The problem is that these standards are both increasingly being ignored and violated, and are also proving inadequate in providing optimal smolt survival. Figure 1 shows that standards were violated at Red Bluff, even in 2017, a record water supply year. Figure 2 shows 2017 water temperatures at Wilkins Slough in the lower Sacramento River. Though water temperatures remained below 68oF (20oC) during the period shown, they reached above the 65oF (18oC) stress level for migrating juvenile salmon. Such high water temperatures place the smolts at much greater risk to predation.3 Even in this record water supply year, water was unnecessarily held in storage in Shasta Reservoir at the expense of Coleman and wild salmon smolt survival. When water contractor demands are low and Delta conditions are “in excess,” there is a tendency in all year types to maintain Shasta storage at the expense of lower river water temperature and Coleman smolt survival.

In addition to maintaining flows and water temperatures, a flow pulse through the lower river in the late April to early May period would likely improve survival. A flow pulse in drier years would provide higher transport rates, higher turbidity, and lower water temperatures, conditions that often occur in wetter, high survival years. A one week pulse that raised flows from the “dry” year 5000 cfs flow level to a 10,000 cfs level would use approximately 10,000 acre-ft per day, or about 70,000 acre-ft for a week. At Shasta Reservoir’s current storage level in excess of 4 million acre-ft, the water needed for a one week flow pulse would be less than 2% of the total storage for the year. Even for a multiyear drought year like 2015, the amount needed would be only 3 to 4% of total annual storage. While drought year pulses would need to be weighed against losses to the Shasta coldwater pool, a 1% improvement in dry-year survival would add 120,000 adult salmon from the 12 million smolts produced by the Colman hatchery. For a dry year or drought year sequence, the increase could be over 100% over current survival rates, and could allow a salmon fishing season when there might otherwise be none.

In summary, the salmon fishery collapses that occurred as a consequence of the 2007-2009 and 2012-2015 droughts could have been at least partially alleviated by improving survival of smolts produced at the Coleman hatchery. Compliance with spring water temperature standards in the lower Sacramento River would help greatly. When water supplies are adequate, spring flow pulses should be considered. Barging Coleman smolts to the Bay and off-site rearing in lower river floodplain habitats are additional measures to test in order to increase Coleman hatchery smolt survival and contributions to ocean and river fisheries.

Table 1. Survival (return) rates of Coleman hatchery fall run Chinook salmon release groups for a range of year types.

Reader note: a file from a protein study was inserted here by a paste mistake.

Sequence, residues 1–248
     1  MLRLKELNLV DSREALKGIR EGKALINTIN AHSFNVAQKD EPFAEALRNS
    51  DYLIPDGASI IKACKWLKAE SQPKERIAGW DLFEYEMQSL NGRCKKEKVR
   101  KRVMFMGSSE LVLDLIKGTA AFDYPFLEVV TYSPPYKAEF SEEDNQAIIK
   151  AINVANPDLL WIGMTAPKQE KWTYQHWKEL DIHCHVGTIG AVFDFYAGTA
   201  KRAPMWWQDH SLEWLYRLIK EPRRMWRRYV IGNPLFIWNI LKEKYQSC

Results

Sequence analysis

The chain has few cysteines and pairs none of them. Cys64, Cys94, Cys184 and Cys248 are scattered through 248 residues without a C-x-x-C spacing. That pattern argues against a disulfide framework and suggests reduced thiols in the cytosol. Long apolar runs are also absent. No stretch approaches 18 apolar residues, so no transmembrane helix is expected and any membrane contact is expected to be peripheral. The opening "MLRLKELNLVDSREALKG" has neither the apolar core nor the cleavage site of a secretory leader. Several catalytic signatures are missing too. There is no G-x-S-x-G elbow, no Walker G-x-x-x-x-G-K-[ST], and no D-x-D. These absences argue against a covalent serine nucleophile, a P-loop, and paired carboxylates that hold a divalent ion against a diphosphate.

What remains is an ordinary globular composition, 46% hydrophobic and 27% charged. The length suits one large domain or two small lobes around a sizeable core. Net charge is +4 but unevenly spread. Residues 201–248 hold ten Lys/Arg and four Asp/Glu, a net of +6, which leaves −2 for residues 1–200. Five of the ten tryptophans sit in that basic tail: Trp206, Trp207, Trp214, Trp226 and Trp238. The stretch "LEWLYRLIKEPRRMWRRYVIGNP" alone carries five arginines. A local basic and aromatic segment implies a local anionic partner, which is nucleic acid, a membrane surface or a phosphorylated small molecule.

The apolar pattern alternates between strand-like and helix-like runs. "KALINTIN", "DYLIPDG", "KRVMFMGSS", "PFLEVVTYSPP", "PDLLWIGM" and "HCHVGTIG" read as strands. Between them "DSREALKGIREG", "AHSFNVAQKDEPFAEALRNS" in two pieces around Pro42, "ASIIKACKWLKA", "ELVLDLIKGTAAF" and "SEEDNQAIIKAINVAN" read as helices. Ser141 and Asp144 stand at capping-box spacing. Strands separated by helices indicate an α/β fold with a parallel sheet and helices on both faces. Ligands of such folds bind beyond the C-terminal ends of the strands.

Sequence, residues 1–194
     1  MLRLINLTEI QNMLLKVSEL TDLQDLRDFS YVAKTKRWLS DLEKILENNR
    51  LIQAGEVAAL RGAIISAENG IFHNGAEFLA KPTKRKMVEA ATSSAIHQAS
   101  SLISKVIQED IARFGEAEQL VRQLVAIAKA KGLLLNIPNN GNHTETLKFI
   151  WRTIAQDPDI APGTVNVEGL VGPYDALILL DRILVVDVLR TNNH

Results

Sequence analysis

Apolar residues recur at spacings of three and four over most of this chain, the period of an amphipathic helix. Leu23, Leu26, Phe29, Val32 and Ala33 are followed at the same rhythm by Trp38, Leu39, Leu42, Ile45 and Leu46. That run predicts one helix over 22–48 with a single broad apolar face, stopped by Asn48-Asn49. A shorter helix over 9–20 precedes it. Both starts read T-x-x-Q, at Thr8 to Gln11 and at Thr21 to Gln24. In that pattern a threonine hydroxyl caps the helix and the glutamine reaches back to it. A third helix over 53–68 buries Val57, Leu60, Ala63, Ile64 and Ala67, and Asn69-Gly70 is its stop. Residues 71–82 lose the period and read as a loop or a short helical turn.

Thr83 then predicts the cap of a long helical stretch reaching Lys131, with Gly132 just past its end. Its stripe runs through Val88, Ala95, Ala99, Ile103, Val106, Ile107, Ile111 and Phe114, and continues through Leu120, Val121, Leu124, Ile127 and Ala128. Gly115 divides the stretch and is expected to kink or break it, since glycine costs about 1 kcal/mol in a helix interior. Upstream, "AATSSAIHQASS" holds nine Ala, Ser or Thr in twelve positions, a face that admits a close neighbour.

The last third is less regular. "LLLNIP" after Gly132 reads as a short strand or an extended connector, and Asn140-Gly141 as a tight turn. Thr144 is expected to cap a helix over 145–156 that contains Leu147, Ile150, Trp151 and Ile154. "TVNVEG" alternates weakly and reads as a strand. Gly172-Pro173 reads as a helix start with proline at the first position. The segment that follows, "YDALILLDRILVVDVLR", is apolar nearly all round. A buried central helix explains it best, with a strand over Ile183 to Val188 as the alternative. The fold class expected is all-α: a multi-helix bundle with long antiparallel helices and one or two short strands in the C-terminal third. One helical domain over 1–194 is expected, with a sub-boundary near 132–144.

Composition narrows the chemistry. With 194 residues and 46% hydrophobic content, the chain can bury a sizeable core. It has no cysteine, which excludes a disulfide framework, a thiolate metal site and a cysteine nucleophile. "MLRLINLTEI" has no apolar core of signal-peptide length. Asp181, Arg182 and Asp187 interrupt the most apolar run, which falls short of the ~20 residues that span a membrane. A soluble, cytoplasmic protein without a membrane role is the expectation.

Source of survival data:

Water Year Week 15-17 Conditions Smolt Survival4
1997 Wet Year Lower River conditions were deteriorating in April with flows falling from 7000 to 5000 cfs and water temperatures rising from 59oF (15oC) to 65oF (18oC). Week 15 – 0.8%
Week 16 – 0.3%
Week 17 – 0.2%
1998 Wet Year Lower River conditions were near optimal with 18,000 cfs flow and water temperature of 15oC. Week 17 – 0.9%
2002 Dry Year Lower River conditions degraded gradually from week 15 to week 17).  Flows in lower river fell from near 10,000 cfs to less than 5000 cfs during April.  Though water temperatures remained below 68oF (20 o C) during the period, they often reached above the 65oF (18 oC) stressful level for migrating juvenile salmon. Week 16 – 0.8%
Week 17 – 0.6%
2007 Critical Dry Year Lower River conditions were poor in weeks 16-17 with flows of 4000-5000 cfs and water temperatures of 19-21oC. Week 16 – 0.01%5
2008 Critical Dry Year Lower River conditions were poor with flows of 5000 cfs and water temperatures 16oC to 18oC in weeks 16-17, but reaching 20-22oC in week 18. Week 16 – 0.1%
Week 17 – 0.1%
2009 Critical Dry Year Lower River flow decreased from 7000 cfs to 5000 cfs in weeks 15-16, while water temperature rose from 15oC to 20oC.  Flow pulsed to 10,000 cfs in week 17 dropping water temperature to 15oC. Week 15 – 0.5%
Week 16 – 0.9%
2011 Wet Year Lower river flows in April were dropping sharply from 16,000 to 8,000 cfs, with water temperature rising from 15oC to 18oC. Week 15 – 2.2%
Week 16 – 1.5%
Week 17 – 1.2%

Figure 1. May 2017 flow and water temperature conditions in upper Sacramento River. Source: CDEC.

Figure 2. May 2017 water temperature in lower Sacramento River at Wilkins Slough. Source: CDEC.

  1. The Coleman Hatchery near Redding on Battle Creek is operated by the US Fish and Wildlife Service. The hatchery operates under the Central Valley Project as mitigation for Shasta Dam on the upper Sacramento River
  4. Survival rate is defined as percent of smolts that were subsequently collected as adults in fisheries, spawning surveys, and at Central Valley hatcheries. Average rate of multiple groups is shown.
  5. Poor ocean conditions in 2007-2009 likely contributed to poor survival.